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Under NCAA investigation, Hawaii announces self-imposed sanctions


An ongoing investigation by the NCAA hovered over the Hawaii men’s basketball program last season, one in which then-interim head coach Benjy Taylor led the Rainbow Warriors to within a win of the NCAA tournament. With the school since hiring a new head coach in former Saint Mary’s assistant Eran Ganot, Friday evening Hawaii announced that it has self-imposed some sanctions as a result of the investigation.

Among the sanctions are the vacating of 36 wins in which athletes since ruled to be ineligible, Isaac Fotu and Davis Rozitis, played, the payment of a $10,000 fine and the forfeiture of one scholarship in each of the next two seasons according to the Honolulu Star-Advertiser.

Hawaii, which received a Notice of Allegations in late January, has placed itself on probation for one year and will also cut its practice time for the upcoming season. Prior to the 2014-15 season the school fired head coach Gib Arnold and also replaced assistant Brandyn Akana as a result of the NCAA investigation.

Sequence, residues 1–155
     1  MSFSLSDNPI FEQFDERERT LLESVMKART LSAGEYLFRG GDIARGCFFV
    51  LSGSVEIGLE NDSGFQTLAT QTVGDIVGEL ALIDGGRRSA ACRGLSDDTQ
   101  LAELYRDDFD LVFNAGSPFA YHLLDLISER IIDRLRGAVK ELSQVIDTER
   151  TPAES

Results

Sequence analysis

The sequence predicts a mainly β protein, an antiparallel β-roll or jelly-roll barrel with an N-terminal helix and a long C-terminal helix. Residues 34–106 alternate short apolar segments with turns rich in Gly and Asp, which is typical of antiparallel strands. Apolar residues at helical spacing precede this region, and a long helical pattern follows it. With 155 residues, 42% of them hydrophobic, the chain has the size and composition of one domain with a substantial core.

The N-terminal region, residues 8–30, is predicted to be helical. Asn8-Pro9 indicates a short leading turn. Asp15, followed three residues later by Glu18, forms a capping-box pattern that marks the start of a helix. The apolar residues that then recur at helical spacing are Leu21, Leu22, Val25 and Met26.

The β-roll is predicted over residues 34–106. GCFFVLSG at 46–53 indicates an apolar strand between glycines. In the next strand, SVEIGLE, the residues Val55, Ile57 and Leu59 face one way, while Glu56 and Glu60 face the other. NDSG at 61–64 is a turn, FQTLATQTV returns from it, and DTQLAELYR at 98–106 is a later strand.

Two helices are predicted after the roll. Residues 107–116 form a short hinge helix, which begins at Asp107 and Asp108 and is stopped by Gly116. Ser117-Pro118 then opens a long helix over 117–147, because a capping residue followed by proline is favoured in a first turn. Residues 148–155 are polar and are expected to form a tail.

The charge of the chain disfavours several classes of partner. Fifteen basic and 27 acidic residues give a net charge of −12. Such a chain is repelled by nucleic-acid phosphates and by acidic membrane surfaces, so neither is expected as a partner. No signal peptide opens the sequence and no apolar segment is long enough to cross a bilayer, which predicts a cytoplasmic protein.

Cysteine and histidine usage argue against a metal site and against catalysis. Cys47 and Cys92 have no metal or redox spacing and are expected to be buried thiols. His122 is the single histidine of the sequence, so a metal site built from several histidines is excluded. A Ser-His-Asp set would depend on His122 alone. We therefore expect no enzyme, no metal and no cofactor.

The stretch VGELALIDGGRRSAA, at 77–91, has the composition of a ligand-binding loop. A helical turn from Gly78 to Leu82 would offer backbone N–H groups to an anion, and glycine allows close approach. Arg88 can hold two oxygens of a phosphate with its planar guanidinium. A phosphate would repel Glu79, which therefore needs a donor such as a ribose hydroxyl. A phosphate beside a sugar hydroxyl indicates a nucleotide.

Both coaches were cited in the Notice of Allegations, with Arnold being charged with “obstructing an investigation or attempting to conceal the violations.”

“For the most part these violations involve either intentional or careless failure to follow well-known bylaws that members of the men’s basketball coaching staff understood but failed to obey,” the school said in a release according to the Star-Advertiser. “The coaches compounded the adverse impact of these poor decisions when they (1) failed to report to the university’s compliance department their own or other violations in the program; (2) instructed or encouraged staff members and student-athletes to conceal or not report the violations or; (3) provided false or misleading information during the investigation rather than admit the violation occurred.”

The next step for Hawaii is a meeting with the NCAA’s Committee on Infractions, which by rule should occur within the next 60 days. That meeting will determine whether or not the NCAA determines the self-imposed sanctions to be sufficient, and if not what additional penalties they may hand down.